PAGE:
After another peaceful night in the anchorage and we set off relatively early for Akca Limani, 22 miles away, a shallow but interesting looking bay (on the chart at least) at the eastern end of Candarli Korfezi. The passage along the coast was interesting watching the coastline vary between open landscape, small towns and holiday villages and major ship building/breaking yards and oil refineries! Not much variation! On arrival at Akca Limani we sailed gently in, (it was charted at 3m by we recorded just slightly less 2.8m) and into a bay measuring 2.5 by 1.5 miles but all with a maximum depth of 6m; slightly unnerving sailing. That said we successfully anchored in 3m just off Tenasalik Burnu, the site of ancient Gryneum (of which nothing remains) under the sight of two seemingly brand new mosques.
|Inside the bay at Akca Limani, two new mosques in one photo!|
Having entered successfully through the south channel (there are two entrances to the bay with islands in between) we decided to leave via the north channel. The next morning, in a light NNW breeze we weighed anchor and beat gently up the bay until we could lay the north entrance easily. Set Kurukulla on stbd tack and headed out. The north channel is charted at 3m by Heikell and 3.7m by the Turkish Hydrographic Office. No problem there then. As we approached the entrance at 4kts we noted that as expected the echo sounder recorded 3.5m, 3m, 2.8m. 2.5m by which time we were concentrating hard but as we were in “the channel” there was no obvious place to go but onwards. As 2m came up on the echo sounder Kurukulla came to a gentle and silent halt. Oops! Not to be beaten we started the engine, dropped the sails and put a large, (No2 Genoa) full sailbag and the crew out on the boom to heel Kurukulla over, reduce her draft and get us off. She was having none of it! We were firmly stuck in soft sand and weed. Fortunately a local fishing boat came to see what these two mad sailors were doing and offered us a tow off. We passed them a line and then followed the discussion on where the deeper water might be. Initially they wanted to tow us out via the N entrance but this put us further into the shallows.
|Entering Kizkulesi Adasi|
Not to be beaten they then summoned a fellow fisherman plus his boat and with one towing from the bow, this time pulling us back the way we had come and the second pulling on the beam, using a line to the masthead to heel us over and reduce our draft, we came off, but not without an hour long struggle. They seemed as pleased as we were with the result and the 150YTL (£37.50) that we gave them for their trouble. So pleased were they in fact that one of them escorted us on our passage down to the southern entrance and through, just to make sure we did not need their services again! Really delightful guys and very helpful. They seemed genuinely surprised at our gift!
From the South Entrance we had a great beat out of Candarli Korfezi to the island of Kizkulesi Adasi, just on the north-western corner of the bay. NW F3 wind and flat seas.
Kurukulla was in her element doing 6kts plus, on the wind, in the flat water. By 1500 we were anchoring in the southerly of the two bays on the west coast of this island. We sailed in, onto the anchor, anchored in 6m and settled down for lunch. All was not going to be quite to plan as notwithstanding the forecast change of wind to the east the wind decided otherwise and went round to SSW giving us less shelter. For that reason, an hour after anchoring, we moved to the other bay only yards away where the shelter might be better. There we stayed the night and by midnight the forecast easterly wind had set in, moving northerly by the early morning thereby affording us a peaceful night. Next morning; however, we awoke to the sound of rain and that persisted, off and on, until 1400. Not what we wanted! Rather than brave the rain (cowardice I know) we decided to stay put and spend another night in the same anchorage. In contrast to the rain earlier in the day the evening was tranquil, dry and pleasant.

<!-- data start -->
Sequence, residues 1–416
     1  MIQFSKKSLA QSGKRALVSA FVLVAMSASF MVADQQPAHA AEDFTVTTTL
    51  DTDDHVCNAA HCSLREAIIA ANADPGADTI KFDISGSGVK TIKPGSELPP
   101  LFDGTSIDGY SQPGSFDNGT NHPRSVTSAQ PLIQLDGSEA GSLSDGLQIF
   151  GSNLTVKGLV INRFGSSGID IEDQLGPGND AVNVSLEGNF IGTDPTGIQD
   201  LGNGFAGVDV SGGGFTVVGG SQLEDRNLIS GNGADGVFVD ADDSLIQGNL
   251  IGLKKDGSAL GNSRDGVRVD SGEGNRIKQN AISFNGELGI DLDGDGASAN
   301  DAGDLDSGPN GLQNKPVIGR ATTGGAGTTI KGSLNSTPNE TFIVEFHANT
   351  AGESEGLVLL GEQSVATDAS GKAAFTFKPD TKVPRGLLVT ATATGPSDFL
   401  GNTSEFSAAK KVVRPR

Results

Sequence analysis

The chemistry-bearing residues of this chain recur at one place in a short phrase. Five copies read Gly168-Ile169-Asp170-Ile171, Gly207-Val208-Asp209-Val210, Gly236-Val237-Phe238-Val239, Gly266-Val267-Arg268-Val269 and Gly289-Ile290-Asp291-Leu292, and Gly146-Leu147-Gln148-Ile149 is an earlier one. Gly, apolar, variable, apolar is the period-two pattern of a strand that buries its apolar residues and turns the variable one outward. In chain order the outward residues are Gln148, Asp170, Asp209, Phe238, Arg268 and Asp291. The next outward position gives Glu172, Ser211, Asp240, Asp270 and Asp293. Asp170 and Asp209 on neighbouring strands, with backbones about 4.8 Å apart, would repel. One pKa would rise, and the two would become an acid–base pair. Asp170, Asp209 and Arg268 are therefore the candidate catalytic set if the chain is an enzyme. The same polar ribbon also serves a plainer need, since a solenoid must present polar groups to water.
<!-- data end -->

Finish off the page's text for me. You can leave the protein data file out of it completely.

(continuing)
|The Hamam, Bademli Limani|
Next morning dawned cloudy but dry, There was a light NE breeze blowing but one which seemed destined not to last. In consequence we set sail early, sailed off the anchor, beat slowly out the bay and set course for Bademli Limani, notwithstanding the fact that we were only planning to do a 6 mile passage.
|The Hamam, Bademli Limani|
With the wind dying after the first hour this 6 miles was to take us nearly two hours and we motored the last two miles. Pleasant enough as the sun had now broken through.On arrival we anchored in the bay adjacent to the natural hot spring which, many years ago, had been converted to an ad hoc Hamam by the addition of a stone building enclosing the hot pool.
|Green water in the Hamam, Bademli Limani|
Keen to relax in this natural spa, as soon as we were securely anchored, we swam ashore to investigate. When I visited in 2011 the water was slightly cloudy but not unpleasant, in 2015 it was livid emerald green. We decided that the health risks of such water far outweighed the potential benefits and thus we steered well clear; a great shame! Notwithstanding the lack of the Hamam, the bay was dotted with small submerged geysers releasing streams of warm water into the sea. These rising hot currents made swimming warm and pleasurable.
That night we were greeted by the first proper thunderstorm of the season.
|Bademli Limani looking north.|
Amazing flashes of lightning but fortunately not too close. The winds got up from the NE pushing us offshore and thus we were able to enjoy a comfortable nights rest, despite the conditions. Next morning we set off early heading for the northern entrance of Bademli Limani en route for Ayvalik marina, some 26 miles to windward.With northerly winds eventually reaching 30 kts at times it was a wet and interesting sail, not least threading through the islands and the channel leading in towards Ayvalik Limani itself.
|Sunset at Ayvalik|
By 1500 we were berthed stern to in the marina and thinking about a late lunch; well deserved we felt!